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RIBA Competition shortlist announced: Design of the new HQ for the Metropolitan Police Service


30 July 2013

Press release contact:

Julia Davies
T: +44 (0)113 203 1490
E: julia.davies@riba.org

The Royal Institute of British Architects (RIBA), the Mayor’s Office for Policing and Crime (MOPAC) and the Metropolitan Police Service (MPS) are delighted to announce the shortlist for the design competition to create a new central London HQ - replacing their existing New Scotland Yard building.

The competition received an excellent response and the shortlisted teams selected (in alphabetical order) are:

  • Allford Hall Monaghan Morris
  • Allies and Morrison
  • Foster and Partners
  • Keith Williams Architects
  • Lifschutz Davidson Sandilands

Roger Harding MPS - Director of Real Estate Development said:  “The competition generated considerable interest with the chance to create a new landmark building for London. We would like to offer our sincere thanks to the world class field of national and international award-winning practices who submitted expressions of interest. The selection process was exceptionally difficult but we are delighted to have five such high quality architects on our shortlist for this important building.

“The move to Curtis Green is an exciting opportunity for the MPS to create a modern and efficient working environment within this new headquarters. We look forward to seeing a winning design that respects the history of the building whilst reflecting the MPS need to modernise our estate.”

The new HQ, to be called Scotland Yard, will involve the redevelopment of the existing and currently unoccupied Curtis Green MPS building located on the Victoria Embankment, London, SW1. The Curtis Green Building, named after architect William Curtis Green, sits within the Whitehall Conservation Area between the Norman Shaw Building and the Ministry of Defence. It faces onto the Victoria Embankment with views across the River Thames to London County Hall, Westminster Bridge and the London Eye.

The shortlisted teams will now work on their design proposals and will be invited to present these to the judging panel in September 2013. 

Notes to editors

  • Scotland Yard has moved several times before – from Whitehall Place to Great Scotland Yard in 1875, to the Norman Shaw building in 1890 and to the current building in 1967. This future move therefore marks a return to its previous location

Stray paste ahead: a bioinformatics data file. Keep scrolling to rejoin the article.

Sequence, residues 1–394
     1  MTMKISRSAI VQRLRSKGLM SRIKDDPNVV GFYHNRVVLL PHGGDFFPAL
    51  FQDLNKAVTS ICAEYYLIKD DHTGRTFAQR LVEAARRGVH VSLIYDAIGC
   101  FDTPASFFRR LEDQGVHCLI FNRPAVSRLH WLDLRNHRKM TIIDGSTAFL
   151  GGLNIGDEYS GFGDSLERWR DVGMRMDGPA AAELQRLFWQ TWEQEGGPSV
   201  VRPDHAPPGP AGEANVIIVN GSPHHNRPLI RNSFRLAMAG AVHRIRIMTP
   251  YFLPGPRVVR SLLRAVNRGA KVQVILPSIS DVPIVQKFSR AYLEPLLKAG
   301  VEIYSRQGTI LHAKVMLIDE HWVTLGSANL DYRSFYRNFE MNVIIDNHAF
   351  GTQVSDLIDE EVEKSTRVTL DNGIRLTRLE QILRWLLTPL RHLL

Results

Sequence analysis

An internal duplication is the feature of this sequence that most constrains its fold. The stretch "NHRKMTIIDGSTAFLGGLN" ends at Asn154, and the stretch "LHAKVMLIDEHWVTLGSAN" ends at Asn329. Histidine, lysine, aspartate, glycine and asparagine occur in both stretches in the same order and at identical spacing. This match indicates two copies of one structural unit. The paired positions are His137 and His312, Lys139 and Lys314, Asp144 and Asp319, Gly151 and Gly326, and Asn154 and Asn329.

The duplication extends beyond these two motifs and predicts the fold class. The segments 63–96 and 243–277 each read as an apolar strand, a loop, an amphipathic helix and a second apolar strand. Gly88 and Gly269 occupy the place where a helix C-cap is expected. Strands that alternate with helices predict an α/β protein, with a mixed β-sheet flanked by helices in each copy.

• The Curtis Green Building (1935-40) was designed by William Curtis Green architect as an annex to the former New Scotland Yard (now the Norman Shaw building). It was occupied by the MPS after the Second World War to house the MPS forensics and other technology departments. It became in due course a police station, before (1985) becoming home to the HQ of MPS Territorial Policing until the building was vacated in 2010.of options improving choice. 
  • Please ensure RIBA Competitions are credited when mentioning the above competition. Competitions deliver exciting buildings and projects, they drive up quality, stimulate creativity and innovation and generate a range of options improving choice. RIBA Competitions is the Royal Institute of British Architect’s unit dedicated to organising architectural and other design-related competitions. For further details visit www.architecture.com/competitions
  • The Metropolitan Police (MPS) was founded in 1829, and is the largest police force in the UK and is amongst the largest in the world. Headquartered in New Scotland Yard, the MPS delivers territorial and specialist policing services to over eight million Londoners across 620 square miles; to millions of commuters, tourists and visitors to our City; and to many National and International communities. The MPS organisational mission is to make London the safest major city in the world. The MPS primary role is to cut crime and to maintain public order on our streets. We are focused on preventing crime, targeting offenders, supporting victims, and building on the support and trust of Londoners. For further details visit www.met.police.uk



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